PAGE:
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Shaw's 'Misalliance' At South Coast

September 13, 1987|JANICE ARKATOV

"Sure it's daunting," said South Coast Repertory artistic co-director Martin Benson of the prospect of staging George Bernard Shaw's "Misalliance" (just-opened on the theater's main stage). "But there's also the security of knowing no matter what I do to it, the play will endure.

"There's the sense with this that Shaw is having more fun with his writing: If he wants to bring in a new character--fine, he has her crashing through a greenhouse. As the title says, there are all sorts of misalliances: between youth and old age, men and women, the aristocracy and the middle class, philanthropy and public service, freedom of will and conventionality, action and talk. He even sends himself up: there's a line about 'people's plays that read well, but don't act well.' "

In spite of Shaw's acerbic view, Benson said, "he never stacks the deck. Each character gets his own inning, a chance to air--with plausibility--his argument. And the ideas are profound, yet there's such a spirit of fun. Of course, staging it is very tricky. There are nine people on stage, all pressing their own points of view. You have to balance it so all the arguments get a fair airing. In some cases, that means submerging my own prejudices."

Such as? "Well, when I first read the play in college 30 years ago, my sympathies were very much with the younger characters. Now they're more with the older ones."

And speaking of older folks: 12 seniors, 65 to 85, return to their show business roots in Mel Tolkin's "Ode to a Bit Player," opening Thursday at L.A. City College's Camino Theater (an Ensemble Studio Theatre entry in the Fringe Festival).

"These people are vaudevillians, singers, dancers; some were headliners, some were chorus people," said producer Wendy Robbins. "One of them has five gold records and a star on Hollywood Boulevard. Then there's Ginger, who's 82 and still stripping. . . . So it's a blend of entertainment, stories--of the '20s, '30s and '40s--and working into who they are today: (their motto being) 'Don't give up the fight.' "

While auditioning for this project, Robbins interviewed each of the performers for two hours on videotape, which she plans to edit into a "senior citizens' 'Chorus Line' " documentary for public television.

"The documentary will be a lot darker, more real," she said. "In that, their life stories come out: the pain, the lows, living on Social Security, what it's like to still be working in this industry. The theatrical production has all of that, but it also has performances, it's fun. This town is so youth-oriented; hopefully this is going to break that. Some of these ladies--well, you've never seen better legs."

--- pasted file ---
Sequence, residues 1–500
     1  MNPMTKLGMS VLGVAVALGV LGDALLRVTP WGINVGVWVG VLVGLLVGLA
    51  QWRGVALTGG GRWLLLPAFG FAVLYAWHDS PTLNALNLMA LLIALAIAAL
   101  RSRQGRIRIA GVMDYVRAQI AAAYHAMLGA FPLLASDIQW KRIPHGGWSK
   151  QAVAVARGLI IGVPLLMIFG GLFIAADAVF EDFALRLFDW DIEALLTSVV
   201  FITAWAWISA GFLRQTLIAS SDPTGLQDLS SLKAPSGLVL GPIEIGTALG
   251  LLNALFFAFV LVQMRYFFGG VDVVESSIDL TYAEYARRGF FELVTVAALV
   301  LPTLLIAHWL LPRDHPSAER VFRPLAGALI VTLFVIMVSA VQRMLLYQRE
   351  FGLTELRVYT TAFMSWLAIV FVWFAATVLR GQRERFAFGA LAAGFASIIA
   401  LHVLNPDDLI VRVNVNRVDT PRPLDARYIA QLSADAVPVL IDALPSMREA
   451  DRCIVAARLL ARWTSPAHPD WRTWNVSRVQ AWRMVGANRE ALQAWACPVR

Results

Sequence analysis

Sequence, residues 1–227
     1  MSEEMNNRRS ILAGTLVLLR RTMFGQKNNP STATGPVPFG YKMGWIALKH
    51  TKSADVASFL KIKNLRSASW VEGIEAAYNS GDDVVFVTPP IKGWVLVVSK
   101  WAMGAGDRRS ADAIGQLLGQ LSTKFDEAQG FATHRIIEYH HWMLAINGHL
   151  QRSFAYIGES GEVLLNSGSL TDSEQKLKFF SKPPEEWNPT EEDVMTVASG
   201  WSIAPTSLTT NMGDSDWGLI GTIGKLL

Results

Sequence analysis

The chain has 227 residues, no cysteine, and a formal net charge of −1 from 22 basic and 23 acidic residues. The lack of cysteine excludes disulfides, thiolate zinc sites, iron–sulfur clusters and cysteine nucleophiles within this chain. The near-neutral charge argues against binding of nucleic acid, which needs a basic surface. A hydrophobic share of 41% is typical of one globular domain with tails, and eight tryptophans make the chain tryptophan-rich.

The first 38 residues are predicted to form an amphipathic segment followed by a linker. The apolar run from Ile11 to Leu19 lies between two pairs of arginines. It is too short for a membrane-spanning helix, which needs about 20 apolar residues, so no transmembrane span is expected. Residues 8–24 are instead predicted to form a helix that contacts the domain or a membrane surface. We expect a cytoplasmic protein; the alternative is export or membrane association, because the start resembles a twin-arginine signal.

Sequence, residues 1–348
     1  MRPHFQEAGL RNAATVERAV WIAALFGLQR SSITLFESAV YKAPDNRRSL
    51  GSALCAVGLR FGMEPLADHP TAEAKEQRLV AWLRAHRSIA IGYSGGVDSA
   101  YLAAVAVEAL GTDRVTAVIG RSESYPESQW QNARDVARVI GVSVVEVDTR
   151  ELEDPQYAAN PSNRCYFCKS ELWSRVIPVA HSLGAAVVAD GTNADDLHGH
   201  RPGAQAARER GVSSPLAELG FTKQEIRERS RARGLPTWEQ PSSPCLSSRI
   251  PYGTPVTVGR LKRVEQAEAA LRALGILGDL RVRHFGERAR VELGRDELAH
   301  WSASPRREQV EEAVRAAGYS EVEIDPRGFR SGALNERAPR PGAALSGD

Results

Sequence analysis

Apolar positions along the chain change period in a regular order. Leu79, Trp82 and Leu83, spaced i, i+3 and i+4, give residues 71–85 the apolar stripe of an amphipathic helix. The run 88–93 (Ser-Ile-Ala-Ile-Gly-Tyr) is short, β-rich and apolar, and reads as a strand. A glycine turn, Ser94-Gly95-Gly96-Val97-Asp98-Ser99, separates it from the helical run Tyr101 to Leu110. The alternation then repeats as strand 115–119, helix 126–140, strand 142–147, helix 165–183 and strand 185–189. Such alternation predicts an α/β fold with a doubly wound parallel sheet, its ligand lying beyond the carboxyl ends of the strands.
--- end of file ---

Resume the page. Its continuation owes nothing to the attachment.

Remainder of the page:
CRITICAL CROSS FIRE: John Patrick Shanley's "Savage in Limbo"--about a group of 32-year-olds sorting out their claustrophobic lives in a Bronx bar--opened at the Cast (where it plays through Sept. 27) to multiple thumbs-up.

Noted the Herald-Examiner's Richard Stayton: "Shanley's aptly defined 'concert play' is a tone poem of alienation, stunningly acted by a quintet of gifted performers and directed with savage irony by Roxanne Rogers. Shanley is a major player in the experimental theater scene, capable of linking comedy to pathos with acrobatic language that keeps your ears poised for the next existential zinger. Call his style 'slapstick anguish.' "

Said F. Kathleen Foley in Drama-Logue: "Shanley's characters are all wise-quacking odd ducks, have no doubts about that. They're also endearing--don't doubt that either. They're a disparate group but they have a lot in common: all are (exactly) 32 years old; all are displaced persons, mainstream American refugees of sorts riddled with fears about branching out on their own and establishing happy, independent existences."

From Sylvie Drake in Calendar: "John Patrick Shanley is an American Gorky. The lower depths are his warm swimming pool. There is nothing he understands better than desperation, no one he writes better about than the beaten-down. Denise Savage (Laurie O'Brien) is his 'Savage in Limbo,' the central figure in a frequently funny and surrealist metaphor."

From Ed Kaufman in the Hollywood Reporter: "Credit Roxanne Rogers with the sensitive direction and Lee Wilkof and Betsy Slade with some first rate-portrayals. Elizabeth Ruscio and Laurie O'Brien are wonderful and convincing as Linda and (Denise), a couple of lost characters searching for some sort of emotional fix in a world that's without rhyme or reason."

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